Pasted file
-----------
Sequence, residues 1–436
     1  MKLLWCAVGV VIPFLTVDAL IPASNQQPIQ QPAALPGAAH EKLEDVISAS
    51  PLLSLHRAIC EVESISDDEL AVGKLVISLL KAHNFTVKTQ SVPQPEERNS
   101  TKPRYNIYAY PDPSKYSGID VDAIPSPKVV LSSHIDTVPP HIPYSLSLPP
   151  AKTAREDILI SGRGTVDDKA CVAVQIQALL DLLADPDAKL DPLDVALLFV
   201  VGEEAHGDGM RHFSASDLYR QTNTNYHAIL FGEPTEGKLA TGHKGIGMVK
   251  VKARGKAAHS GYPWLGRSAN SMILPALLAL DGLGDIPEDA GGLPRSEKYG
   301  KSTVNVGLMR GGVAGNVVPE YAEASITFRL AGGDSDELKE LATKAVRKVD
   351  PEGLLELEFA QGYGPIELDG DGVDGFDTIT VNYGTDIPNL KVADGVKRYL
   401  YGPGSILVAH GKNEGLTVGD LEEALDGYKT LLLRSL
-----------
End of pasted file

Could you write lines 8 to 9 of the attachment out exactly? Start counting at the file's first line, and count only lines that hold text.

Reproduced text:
   301  KSTVNVGLMR GGVAGNVVPE YAEASITFRL AGGDSDELKE LATKAVRKVD
   351  PEGLLELEFA QGYGPIELDG DGVDGFDTIT VNYGTDIPNL KVADGVKRYL